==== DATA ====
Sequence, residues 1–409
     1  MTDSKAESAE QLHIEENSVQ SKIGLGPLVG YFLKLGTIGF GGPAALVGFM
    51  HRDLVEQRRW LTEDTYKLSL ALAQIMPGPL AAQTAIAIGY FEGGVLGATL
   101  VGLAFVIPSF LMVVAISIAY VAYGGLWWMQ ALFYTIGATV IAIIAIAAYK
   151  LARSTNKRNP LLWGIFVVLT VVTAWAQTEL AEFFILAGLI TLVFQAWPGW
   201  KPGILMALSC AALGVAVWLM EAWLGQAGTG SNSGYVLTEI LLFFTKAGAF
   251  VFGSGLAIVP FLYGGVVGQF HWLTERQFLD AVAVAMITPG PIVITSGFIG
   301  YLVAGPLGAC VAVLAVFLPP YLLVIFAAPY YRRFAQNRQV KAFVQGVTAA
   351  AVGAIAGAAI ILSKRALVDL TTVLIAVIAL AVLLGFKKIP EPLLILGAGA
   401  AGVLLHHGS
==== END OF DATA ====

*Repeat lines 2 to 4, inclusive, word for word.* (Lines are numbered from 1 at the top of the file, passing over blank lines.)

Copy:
     1  MTDSKAESAE QLHIEENSVQ SKIGLGPLVG YFLKLGTIGF GGPAALVGFM
    51  HRDLVEQRRW LTEDTYKLSL ALAQIMPGPL AAQTAIAIGY FEGGVLGATL
   101  VGLAFVIPSF LMVVAISIAY VAYGGLWWMQ ALFYTIGATV IAIIAIAAYK